The warm weather prevailed. In some places where the cloudberries had become pollinated they were maturing quickly. I wanted to be done with the haymaking before picking berries . We were going to cut hay with a scythe first at the higher-lying meadows and then the lower-laying wet meadows.
One of us had gone to the south for a while so we were only two people for this task. I was the one who knew how to handle and sharpen a scythe. I did not use a traditional Nordic scythe instead I used an Austrian scythe. I had learned to use the Austrian scythe when I was living at a chalet in Värmland. The Austrian scythe is made of a softer steel and therefore you can cold-hammer the edge into a small edge that you then sharpen with a sharpening stone. I think its easier to get a really sharp edge with this method. The other man was in charge of raking the cut grass. The days were hot and we had to go to the lake for a bath several times a day. We had built some drying racks but most of the grass we left drying on the ground since the weather was so sunny and warm. We turned the piles of grass three times and after that it was dry and could be carried into the old saw house. The other man was bored of raking he said that he would rather buy hay than raking any more. I continued the work. A couple of days later the other man decided to leave the farm.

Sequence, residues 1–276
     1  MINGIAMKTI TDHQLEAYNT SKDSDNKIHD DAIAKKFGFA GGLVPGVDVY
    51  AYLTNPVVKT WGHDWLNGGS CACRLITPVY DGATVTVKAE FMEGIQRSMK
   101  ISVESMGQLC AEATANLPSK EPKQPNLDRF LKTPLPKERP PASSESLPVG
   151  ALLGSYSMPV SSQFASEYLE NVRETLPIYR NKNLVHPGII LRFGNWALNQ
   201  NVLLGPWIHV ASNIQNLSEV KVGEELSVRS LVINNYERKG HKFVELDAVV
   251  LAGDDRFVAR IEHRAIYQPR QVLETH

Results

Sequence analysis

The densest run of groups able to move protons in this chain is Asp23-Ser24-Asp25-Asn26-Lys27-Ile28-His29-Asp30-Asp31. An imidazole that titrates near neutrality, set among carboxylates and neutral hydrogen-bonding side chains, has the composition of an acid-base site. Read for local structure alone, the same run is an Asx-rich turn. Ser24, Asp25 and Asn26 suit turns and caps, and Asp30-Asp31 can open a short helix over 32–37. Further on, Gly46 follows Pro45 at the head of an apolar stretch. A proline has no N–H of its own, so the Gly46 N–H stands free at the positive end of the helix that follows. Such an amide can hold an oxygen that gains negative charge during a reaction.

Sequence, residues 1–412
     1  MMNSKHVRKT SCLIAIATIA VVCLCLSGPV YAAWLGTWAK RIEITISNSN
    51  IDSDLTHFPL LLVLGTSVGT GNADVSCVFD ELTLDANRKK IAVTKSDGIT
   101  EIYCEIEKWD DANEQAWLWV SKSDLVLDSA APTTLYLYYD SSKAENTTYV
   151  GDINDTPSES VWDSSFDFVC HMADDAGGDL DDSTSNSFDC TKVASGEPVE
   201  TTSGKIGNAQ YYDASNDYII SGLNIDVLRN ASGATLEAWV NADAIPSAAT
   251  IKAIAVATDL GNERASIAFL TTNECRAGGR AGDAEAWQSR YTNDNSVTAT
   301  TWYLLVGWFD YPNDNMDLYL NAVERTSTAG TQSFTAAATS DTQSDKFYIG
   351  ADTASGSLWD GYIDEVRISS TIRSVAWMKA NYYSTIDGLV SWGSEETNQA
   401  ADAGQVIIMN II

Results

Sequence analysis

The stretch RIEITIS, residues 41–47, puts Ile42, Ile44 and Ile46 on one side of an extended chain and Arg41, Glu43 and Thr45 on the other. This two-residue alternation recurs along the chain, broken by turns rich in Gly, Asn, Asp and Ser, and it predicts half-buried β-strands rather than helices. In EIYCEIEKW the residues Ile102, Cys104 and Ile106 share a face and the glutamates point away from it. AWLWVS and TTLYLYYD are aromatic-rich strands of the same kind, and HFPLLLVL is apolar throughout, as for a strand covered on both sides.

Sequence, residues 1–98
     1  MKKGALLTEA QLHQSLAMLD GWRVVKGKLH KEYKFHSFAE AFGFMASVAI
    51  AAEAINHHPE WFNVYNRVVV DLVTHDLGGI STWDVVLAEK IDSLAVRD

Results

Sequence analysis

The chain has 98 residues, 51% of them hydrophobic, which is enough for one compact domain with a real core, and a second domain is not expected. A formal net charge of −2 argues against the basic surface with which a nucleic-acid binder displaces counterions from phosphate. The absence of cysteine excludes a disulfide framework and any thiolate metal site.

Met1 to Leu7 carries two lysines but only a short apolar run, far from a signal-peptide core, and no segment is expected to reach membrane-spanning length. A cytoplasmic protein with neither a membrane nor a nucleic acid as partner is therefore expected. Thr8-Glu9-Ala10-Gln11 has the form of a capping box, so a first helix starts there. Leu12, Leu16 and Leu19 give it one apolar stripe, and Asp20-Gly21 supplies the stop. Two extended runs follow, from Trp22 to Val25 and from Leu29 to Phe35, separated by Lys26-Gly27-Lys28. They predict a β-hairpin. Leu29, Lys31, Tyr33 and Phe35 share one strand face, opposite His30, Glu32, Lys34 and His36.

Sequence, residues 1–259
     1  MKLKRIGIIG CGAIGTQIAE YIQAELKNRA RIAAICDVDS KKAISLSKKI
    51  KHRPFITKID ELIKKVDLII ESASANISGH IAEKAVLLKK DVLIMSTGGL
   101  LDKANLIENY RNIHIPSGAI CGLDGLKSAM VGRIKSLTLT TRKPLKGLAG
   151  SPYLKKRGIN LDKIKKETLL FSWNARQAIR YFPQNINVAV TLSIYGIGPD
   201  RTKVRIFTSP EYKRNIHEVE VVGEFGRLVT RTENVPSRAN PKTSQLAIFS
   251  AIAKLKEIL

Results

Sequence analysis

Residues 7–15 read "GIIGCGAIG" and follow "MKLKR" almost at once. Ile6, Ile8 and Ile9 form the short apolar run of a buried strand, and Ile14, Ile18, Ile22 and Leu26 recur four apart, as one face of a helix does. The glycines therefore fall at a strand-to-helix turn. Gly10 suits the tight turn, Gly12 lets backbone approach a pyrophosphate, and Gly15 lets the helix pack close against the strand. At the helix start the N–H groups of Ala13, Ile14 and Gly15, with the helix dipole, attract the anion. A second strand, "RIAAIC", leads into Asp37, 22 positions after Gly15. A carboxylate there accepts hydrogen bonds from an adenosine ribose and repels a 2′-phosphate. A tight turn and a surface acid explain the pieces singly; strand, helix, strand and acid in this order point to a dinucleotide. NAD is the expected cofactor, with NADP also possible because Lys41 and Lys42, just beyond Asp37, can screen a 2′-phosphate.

It was incredible hot now, apparently it was the warmest and driest summer in a long time. One morning, when I came out of the house I had a feeling that something was strange. Later on the day when I was down the lake refreshing my self I met one man from the midsummer party, he was out rowing. He told me about a major forest fire in Västmanland and that the smoke had reached all the way here. Västmanland is quite far away from Lapland so the smoke was very weak and difficult to notice, but it was the smoke that gave me the strange feeling.
The well there we were fetching dishwater had dried out, I tried to dig deeper into the well but it was difficult since it were so many stones in the mud, I even found moose bones. The drinking spring showed no sign of drying out. The stream close to the house had dried out a long time ago.
The cloudberries were now matured, and I was finished with the hay. I set out on the on the marshes to pick berries. I picked for many days and got finally around 40 kg. I mashed the berries and stored them in a pit which was a meter deep. I put down a thermometer and saw that there were seven degrees. That should be just enough storage temperature I thought.